Cold Case Convictions: Tennessee

This week in our Cold Case Convictions series, where we highlight cases in which the testing of rape kits years later helps bring perpetrators to justice, we turn to Tennessee.

Hendersonville

A suspect in a 1985 rape and kidnapping case has finally been brought to justice in Hendersonville, Tennessee. On October 23, 2014, Lane Walter Edwards pled guilty and was sentenced to 40 years in prison. Edwards was already serving a life sentence for the murder of a homeless man in Nashville in 2011.

In 1985, Edwards abducted a twelve-year-old girl from her home and took her to another location, where he raped her. Though the police had another suspect at the time, they did not have enough evidence to extradite him from Nevada, so the case remained unsolved.

It was not until March 2014 that Detective Sgt. Jim Vaughn submitted the victim’s rape kit to the Tennessee Bureau of Investigation for testing. Testing of the rape kit led to a DNA match to Edwards. In June, an additional DNA sample taken from Edwards confirmed the results. Edwards was then indicted in Sumner County for one count of aggravated kidnapping and one count of aggravated rape. He pleaded guilty to both charges and was sentenced to 20 years on each count. Hendersonville Police Chief Mickey Miller vowed to use the latest advances in DNA technology to help solve cold cases when he became chief in late 2010.

Memphis

In Memphis, police have solved a cold case after testing a 14-year-old rape kit. Bridges Randle, a former Memphis police officer, was indicted on aggravated rape charges in a case from 2000, in which he attacked a woman at gunpoint in her apartment. Police finally identified Randle when the survivor’s backlogged rape kit was tested earlier this year. “We’ve been working very hard to get through this backlog and to make sure all of these kits get tested and get the results we have today,” commented District Attorney Amy Weirich.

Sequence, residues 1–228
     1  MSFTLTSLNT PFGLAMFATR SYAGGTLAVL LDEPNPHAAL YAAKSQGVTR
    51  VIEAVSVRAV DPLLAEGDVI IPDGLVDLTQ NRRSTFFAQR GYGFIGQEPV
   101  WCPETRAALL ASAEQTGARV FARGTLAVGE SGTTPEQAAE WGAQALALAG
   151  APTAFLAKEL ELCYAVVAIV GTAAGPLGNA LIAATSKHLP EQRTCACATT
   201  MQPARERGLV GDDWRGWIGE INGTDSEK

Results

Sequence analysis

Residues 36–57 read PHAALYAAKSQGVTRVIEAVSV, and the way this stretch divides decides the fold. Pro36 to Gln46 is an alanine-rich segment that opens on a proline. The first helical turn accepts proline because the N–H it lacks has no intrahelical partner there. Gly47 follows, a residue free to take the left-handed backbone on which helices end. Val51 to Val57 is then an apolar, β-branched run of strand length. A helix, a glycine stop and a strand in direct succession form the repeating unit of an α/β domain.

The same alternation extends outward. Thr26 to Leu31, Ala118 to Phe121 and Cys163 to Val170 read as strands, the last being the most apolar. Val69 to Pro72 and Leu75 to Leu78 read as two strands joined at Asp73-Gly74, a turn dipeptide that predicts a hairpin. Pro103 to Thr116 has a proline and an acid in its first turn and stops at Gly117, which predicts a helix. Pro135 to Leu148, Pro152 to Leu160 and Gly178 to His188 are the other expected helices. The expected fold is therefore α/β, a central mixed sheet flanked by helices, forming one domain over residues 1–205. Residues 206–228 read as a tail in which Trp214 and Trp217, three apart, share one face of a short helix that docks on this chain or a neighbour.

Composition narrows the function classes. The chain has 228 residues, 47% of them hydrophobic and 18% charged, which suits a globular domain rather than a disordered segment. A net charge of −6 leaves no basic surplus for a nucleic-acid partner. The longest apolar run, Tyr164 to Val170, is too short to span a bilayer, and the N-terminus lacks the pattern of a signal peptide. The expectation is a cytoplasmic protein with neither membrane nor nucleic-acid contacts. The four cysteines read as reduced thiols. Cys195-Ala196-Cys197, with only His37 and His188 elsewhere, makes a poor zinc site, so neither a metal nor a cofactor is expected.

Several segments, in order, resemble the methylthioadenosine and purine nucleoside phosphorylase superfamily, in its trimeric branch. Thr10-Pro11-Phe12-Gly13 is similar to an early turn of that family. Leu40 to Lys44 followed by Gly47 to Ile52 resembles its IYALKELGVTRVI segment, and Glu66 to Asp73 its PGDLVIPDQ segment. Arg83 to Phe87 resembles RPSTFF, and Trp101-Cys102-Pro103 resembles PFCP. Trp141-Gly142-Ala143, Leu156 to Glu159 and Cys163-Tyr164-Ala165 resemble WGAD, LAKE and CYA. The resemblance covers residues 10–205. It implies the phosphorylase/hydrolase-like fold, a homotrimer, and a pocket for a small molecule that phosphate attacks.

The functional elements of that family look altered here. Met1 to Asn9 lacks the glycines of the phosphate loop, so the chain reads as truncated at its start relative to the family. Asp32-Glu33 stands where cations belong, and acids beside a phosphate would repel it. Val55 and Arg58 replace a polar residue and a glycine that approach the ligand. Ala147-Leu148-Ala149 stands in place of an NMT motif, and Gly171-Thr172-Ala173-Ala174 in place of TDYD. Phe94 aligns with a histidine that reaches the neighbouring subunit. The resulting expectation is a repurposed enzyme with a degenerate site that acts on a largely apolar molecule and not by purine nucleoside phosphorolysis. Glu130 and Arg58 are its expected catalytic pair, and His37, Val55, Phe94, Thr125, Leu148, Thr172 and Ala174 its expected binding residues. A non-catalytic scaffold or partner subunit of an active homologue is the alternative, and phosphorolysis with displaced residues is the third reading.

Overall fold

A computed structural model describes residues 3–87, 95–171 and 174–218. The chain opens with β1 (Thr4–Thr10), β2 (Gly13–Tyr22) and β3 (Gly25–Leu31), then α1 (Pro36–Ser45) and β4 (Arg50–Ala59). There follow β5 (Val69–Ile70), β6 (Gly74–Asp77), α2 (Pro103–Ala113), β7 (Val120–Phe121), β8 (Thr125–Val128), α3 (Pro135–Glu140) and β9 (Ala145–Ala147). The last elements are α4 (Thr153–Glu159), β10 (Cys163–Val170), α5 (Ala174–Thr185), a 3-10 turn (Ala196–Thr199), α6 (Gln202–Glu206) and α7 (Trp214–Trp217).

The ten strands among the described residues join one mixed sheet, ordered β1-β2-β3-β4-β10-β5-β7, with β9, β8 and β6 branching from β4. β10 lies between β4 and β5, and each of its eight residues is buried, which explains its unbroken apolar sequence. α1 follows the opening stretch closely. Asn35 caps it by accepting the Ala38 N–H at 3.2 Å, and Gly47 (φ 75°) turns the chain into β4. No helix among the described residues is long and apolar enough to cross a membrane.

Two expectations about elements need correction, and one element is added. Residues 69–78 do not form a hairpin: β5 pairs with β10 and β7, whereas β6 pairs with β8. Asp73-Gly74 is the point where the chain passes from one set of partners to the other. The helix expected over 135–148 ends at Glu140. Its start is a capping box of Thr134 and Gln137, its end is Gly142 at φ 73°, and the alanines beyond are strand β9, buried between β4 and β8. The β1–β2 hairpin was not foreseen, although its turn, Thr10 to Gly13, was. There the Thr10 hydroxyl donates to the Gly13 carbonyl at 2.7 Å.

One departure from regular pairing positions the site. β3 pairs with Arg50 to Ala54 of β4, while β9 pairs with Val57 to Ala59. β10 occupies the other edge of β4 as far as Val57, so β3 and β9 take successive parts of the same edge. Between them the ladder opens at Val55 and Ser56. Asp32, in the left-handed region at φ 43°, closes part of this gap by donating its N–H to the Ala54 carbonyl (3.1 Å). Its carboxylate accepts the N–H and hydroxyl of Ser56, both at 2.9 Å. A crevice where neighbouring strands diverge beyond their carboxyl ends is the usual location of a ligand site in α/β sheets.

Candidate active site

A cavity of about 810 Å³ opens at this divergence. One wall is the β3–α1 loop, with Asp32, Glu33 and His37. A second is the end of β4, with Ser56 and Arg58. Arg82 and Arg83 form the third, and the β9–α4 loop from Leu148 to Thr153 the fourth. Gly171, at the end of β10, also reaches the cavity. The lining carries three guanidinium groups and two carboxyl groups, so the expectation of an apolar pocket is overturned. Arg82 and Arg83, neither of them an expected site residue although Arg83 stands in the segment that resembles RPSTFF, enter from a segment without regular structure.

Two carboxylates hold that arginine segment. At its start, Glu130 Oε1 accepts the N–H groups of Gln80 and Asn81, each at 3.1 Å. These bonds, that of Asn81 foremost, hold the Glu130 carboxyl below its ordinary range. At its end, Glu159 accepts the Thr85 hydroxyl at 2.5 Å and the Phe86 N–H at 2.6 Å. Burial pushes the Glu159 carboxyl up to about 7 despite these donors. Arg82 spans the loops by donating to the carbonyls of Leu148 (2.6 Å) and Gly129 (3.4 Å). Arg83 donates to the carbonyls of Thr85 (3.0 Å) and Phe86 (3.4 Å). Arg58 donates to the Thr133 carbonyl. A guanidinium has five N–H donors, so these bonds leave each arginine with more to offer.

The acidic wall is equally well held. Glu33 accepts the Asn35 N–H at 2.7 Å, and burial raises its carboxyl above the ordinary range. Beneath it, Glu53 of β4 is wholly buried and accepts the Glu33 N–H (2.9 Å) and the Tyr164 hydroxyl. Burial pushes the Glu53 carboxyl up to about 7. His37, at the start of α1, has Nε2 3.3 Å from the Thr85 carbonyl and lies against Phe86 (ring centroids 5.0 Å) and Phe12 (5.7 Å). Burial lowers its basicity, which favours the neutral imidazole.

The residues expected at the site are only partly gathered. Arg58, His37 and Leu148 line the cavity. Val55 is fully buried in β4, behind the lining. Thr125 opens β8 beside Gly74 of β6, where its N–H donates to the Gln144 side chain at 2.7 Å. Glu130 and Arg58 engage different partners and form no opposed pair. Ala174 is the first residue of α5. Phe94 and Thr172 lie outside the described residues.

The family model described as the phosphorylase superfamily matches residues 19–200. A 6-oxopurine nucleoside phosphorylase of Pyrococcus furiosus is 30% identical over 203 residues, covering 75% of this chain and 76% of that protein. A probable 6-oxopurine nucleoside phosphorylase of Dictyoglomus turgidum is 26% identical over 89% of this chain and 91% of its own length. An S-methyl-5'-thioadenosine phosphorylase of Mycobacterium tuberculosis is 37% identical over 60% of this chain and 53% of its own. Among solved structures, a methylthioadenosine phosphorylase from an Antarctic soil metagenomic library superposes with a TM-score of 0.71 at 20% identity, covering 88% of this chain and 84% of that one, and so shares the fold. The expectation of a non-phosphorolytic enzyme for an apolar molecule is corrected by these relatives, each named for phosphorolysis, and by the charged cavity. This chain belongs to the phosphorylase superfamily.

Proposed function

Randle, who was a police officer with the Memphis Police Department (MPD) at the time, attacked the victim after responding to a domestic violence call at her home. He later returned to the home, saying he had additional questions and assaulted the victim.

Randle was also accused of another rape committed in 2001. Similar to the first attack, Randle responded to assist a woman who had called in a domestic disturbance; after his colleagues left, Randle offered to drive the victim to a safe house, but instead took her to an apartment complex and attacked her.

The 2001 case led to two investigations because Randle was a police officer, one by Internal Affairs and one by the Tennessee Bureau of Investigations. Although Randle’s DNA matched to the victim’s rape kit, he received just one year of probation and a one-year suspended sentence. He subsequently left MPD and moved to Atlanta, where using a different name, he worked for The Boys & Girls Clubs of Atlanta until 2014. Randle is now awaiting a hearing.

These cases are powerful proof of the value of testing all rape kits to ensure justice for survivors and accountability for serial offenders.  

- By Sophia Schrager and Vivian Long, November 21st, 2014

ENDTHEBACKLOG is a program of the Joyful Heart Foundation to shine a light on the backlog of untested rape kits throughout the United States. Our goal is to end this injustice by conducting groundbreaking research identifying the extent of the nation’s backlog and best practices for eliminating it, expanding the national dialogue on rape kit testing through increased public awareness, engaging communities and government agencies and officials and advocating for comprehensive rape kit reform legislation and policies at the local, state and federal levels. We urge you to learn more about the backlog, where it exists and why it matters. We invite you to take action and support efforts to test rape kits. Help us send the message that we must take rape seriously.

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